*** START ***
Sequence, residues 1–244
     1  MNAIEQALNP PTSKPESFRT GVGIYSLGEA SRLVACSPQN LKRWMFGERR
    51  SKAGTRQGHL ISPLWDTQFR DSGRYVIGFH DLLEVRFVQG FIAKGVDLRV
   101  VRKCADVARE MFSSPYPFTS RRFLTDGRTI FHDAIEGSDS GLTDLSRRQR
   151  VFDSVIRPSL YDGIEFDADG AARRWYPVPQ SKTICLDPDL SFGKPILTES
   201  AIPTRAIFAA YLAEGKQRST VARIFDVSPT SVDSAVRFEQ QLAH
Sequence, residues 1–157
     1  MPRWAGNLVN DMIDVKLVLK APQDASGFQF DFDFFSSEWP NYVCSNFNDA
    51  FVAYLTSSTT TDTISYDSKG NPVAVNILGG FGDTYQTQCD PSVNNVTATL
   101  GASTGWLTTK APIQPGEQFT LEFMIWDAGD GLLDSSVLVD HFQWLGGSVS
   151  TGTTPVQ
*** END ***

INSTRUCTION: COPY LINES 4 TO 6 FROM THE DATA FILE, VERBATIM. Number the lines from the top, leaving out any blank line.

   101  VRKCADVARE MFSSPYPFTS RRFLTDGRTI FHDAIEGSDS GLTDLSRRQR
   151  VFDSVIRPSL YDGIEFDADG AARRWYPVPQ SKTICLDPDL SFGKPILTES
   201  AIPTRAIFAA YLAEGKQRST VARIFDVSPT SVDSAVRFEQ QLAH